Sir Roger Moore — the spy whom we loved — a life in retrospect
March 7, 2018
I had never cried at the death of someone I didn’t know before — until 23 May 2017. Damn you, Sir Roger, I thought that you were going to live forever.
Not only did I cry for Roger Moore on that warm spring day, but also for 22 other people who I had never met before — the victims of the Manchester Arena atrocity, which had happened the previous evening.
I woke to the news about Manchester, and then the news came through during mid-morning that the longest reigning 007 had passed away at 89 years of age after a short battle with cancer. It was an incredibly sad day. Maybe it was no coincidence that he passed away only hours after the Manchester attack — as an ambassador for UNICEF, perhaps his spirit was destined to look after the children and teenagers who so tragically lost their lives that evening at the Ariana Grande concert.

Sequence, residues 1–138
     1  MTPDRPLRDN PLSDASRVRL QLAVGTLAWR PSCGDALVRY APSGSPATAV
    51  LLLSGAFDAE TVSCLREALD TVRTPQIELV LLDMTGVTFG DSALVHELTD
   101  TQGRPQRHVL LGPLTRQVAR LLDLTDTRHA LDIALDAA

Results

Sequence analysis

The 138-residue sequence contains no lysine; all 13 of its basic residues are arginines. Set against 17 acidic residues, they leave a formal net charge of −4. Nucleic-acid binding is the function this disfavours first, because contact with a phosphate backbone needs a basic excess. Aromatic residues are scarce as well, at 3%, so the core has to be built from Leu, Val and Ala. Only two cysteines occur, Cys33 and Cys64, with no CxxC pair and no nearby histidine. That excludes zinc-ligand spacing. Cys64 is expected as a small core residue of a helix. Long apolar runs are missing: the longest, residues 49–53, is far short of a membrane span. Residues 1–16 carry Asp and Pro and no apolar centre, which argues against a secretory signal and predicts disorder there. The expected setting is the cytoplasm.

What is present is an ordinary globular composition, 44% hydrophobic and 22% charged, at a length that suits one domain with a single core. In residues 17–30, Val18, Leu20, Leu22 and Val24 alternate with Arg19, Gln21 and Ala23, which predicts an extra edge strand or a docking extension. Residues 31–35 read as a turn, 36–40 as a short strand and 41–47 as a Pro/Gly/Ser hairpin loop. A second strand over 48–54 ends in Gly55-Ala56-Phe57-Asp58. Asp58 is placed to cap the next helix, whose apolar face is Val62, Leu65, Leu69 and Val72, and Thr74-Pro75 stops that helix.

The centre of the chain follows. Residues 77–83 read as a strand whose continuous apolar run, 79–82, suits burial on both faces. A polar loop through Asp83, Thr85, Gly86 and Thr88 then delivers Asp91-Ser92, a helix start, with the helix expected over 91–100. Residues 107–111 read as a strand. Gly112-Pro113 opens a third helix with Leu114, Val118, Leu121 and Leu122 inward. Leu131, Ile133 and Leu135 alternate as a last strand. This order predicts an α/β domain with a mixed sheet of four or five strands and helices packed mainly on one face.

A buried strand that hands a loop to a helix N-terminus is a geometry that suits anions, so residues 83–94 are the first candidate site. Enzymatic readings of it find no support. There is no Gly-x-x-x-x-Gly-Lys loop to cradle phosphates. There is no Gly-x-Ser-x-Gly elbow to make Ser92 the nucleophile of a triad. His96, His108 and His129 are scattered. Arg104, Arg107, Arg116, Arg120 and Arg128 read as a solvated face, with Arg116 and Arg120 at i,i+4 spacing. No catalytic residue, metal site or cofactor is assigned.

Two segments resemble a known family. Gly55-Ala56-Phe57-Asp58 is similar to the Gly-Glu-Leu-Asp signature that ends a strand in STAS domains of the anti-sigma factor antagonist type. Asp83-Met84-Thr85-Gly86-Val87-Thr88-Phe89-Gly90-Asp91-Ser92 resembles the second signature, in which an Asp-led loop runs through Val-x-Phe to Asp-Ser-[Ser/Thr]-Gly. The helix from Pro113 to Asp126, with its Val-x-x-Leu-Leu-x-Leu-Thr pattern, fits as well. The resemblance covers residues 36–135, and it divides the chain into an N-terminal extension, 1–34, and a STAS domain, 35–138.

I’m so glad that I got chance to see him at the Southbank Centre only six months before, as part of his Sir Roger Moore in Conversation tour. He was in fine spirits as you’d imagine; full of charm, wit, and warmth. There was nothing to stop him that day.
I had fulfilled a lifetime ambition of mine to be in the same room as one of my all-time heroes. Listening to him talk about his remarkable life was a wonderful experience. His anecdotes had the audience roaring with laughter, especially the one about Hervé Villechaize’s “unnatural” lust for women during the filming of The Man with The Golden Gun in the Far East. He was as self-deprecating as ever; Roger Moore didn’t rate himself that highly as an actor. He was wrong. This man could act.
Amongst all the light-hearted moments during his tenure as Bond, there were many moments where Roger Moore showed off how much of a capable actor he was, which are often overlooked, namely the confrontations: Scaramanga at the dinner table, Anya Amasova over the death of her former lover, Stromberg at gunpoint and General Orlov aboard the train in Octopussy.